Editorial: An urgent need for tax reform
Two dogged members of Congress, Sen. Max Baucus, the Montana Democrat who heads the Senate Finance Committee, and Michigan Republican Rep. David Camp, chairman of the House Ways and Means Committee, are committed to making major reforms to the nation’s 4-million-word tax code this year. The unwillingness to compromise on the part of House Republicans makes success unlikely. But demand for change by a disgusted public could make it happen.
Gallup, in a poll taken earlier this month, found that the percentage of Americans who believe they are taxed fairly hit its lowest level since 2001: 55 percent. It was only that high because not enough taxpayers know how unfair and riddled with abuse the nation’s tax system is. The worst abuses occur at opposite ends of the spectrum.
At one extreme, corporations and the rich minimize or escape their tax liability with the help of experts and lobbyists who win preferred tax treatment for their clients. The effective corporate tax rate is roughly half the 35 percent rate on the books, thanks to exemptions and loopholes.
Changing their corporate structure to become a real estate trust is the latest strategem companies are pursuing to reduce or avoid taxation. Such trusts are usually exempt from federal taxes. One such company is the prison operator Corrections Corp. of America; another, Penn National Gaming, is the operator of 22 casinos.
This month in The New York Times, Rutgers history professor James Livingston described the ever-shrinking role corporate taxes have paid in funding government. The poster child is G.E., which in 2010 earned $14.2 billion but paid zero in U.S. corporate taxes. In the 1950s and ’60s corporate taxes accounted for about one-third of the nation’s revenue. They now account for just 9 percent. The difference, Livingston explained, has been made up by working stiffs in the form of payroll taxes, a regressive levy that now brings in about one-third of all federal revenue.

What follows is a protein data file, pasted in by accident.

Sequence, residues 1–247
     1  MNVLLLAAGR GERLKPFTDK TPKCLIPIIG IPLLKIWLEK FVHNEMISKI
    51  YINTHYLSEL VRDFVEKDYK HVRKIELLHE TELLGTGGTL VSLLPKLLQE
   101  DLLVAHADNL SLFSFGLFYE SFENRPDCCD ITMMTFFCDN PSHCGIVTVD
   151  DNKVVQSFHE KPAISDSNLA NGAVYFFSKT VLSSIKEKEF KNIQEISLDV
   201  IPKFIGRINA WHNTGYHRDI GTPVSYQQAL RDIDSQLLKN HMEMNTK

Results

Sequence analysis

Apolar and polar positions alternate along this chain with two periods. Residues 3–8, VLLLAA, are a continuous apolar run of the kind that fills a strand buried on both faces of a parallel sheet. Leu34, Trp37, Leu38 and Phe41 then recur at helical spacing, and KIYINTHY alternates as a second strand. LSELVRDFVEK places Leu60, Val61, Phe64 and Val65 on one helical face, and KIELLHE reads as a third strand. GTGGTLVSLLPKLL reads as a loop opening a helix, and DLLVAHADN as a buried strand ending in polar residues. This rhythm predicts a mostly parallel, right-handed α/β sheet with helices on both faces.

Baucus’s and Camp’s reform proposals would close many of the loopholes that allow companies to minimize or escape taxation, while lowering the nominal 35 percent corporate tax rate. The duo promise that under their reform plan low- and middle-income taxpayers will pay no more than they do now. While that’s nice, it’s not going to be good enough. Those taxpayers have been overpaying for decades because corporations, hedge fund managers and others have been paying far too little. The plan should ensure that they see a gain through a reduction in payroll taxes.
Reforms at the other end of the tax spectrum will be harder to achieve. Many economists have noticed that, while the nation’s unemployment rate remains high at near 7.6 percent, consumer spending is at a level commensurate with a rate of 5 or 6 percent. The reason, they believe, is that the recession and a change in company hiring practices that favors independent contractors, has driven many more people into the underground economy whose workers pay no income taxes – but also earn nothing toward Social Security. The vast majority of nannies, for example, are paid off the books, as are millions of construction workers and workers in fields that range from day labor to professional consulting.
The shadow economy could be as big as
$2 trillion and the loss to the treasury $400 million or $500 million. That’s more than enough, if collected, to put a big dent in the deficit. Getting off-the-books workers and employers to pay up will be a challenge, but steps to do that should be part of any tax reform. People don’t mind paying their share as long as they know they’re not getting the short end of the stick, which is what the current tax code gives most of them.